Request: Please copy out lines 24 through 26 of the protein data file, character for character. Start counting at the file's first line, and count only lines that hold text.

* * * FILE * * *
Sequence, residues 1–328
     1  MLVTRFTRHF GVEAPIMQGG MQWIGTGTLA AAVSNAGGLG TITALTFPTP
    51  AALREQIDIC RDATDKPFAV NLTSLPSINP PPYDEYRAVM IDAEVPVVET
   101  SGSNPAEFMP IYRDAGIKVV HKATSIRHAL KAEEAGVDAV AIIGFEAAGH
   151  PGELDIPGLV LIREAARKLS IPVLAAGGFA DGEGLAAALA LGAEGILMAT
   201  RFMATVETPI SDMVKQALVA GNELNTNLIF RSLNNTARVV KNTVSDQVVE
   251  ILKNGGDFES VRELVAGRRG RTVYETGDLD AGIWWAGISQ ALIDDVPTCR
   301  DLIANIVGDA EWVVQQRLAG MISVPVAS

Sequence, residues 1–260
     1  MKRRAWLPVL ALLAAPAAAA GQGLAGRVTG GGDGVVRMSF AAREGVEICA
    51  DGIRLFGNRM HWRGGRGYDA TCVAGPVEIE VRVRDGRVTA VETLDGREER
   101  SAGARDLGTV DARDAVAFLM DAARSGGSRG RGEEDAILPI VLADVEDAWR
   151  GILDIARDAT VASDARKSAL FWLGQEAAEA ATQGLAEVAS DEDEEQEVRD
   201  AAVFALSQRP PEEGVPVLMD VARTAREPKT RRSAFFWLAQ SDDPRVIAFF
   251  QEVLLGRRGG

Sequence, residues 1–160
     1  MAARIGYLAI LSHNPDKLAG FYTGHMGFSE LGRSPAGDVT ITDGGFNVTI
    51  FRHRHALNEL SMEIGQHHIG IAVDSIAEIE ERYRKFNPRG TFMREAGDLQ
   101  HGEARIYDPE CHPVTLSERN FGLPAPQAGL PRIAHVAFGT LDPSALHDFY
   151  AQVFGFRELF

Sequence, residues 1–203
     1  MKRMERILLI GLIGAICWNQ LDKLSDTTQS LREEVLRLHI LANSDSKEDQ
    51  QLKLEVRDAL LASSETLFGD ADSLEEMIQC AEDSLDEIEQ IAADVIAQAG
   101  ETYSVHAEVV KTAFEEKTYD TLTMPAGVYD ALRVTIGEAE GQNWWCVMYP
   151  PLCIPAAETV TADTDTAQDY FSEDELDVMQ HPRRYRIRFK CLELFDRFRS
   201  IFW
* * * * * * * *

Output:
   101  ETYSVHAEVV KTAFEEKTYD TLTMPAGVYD ALRVTIGEAE GQNWWCVMYP
   151  PLCIPAAETV TADTDTAQDY FSEDELDVMQ HPRRYRIRFK CLELFDRFRS
   201  IFW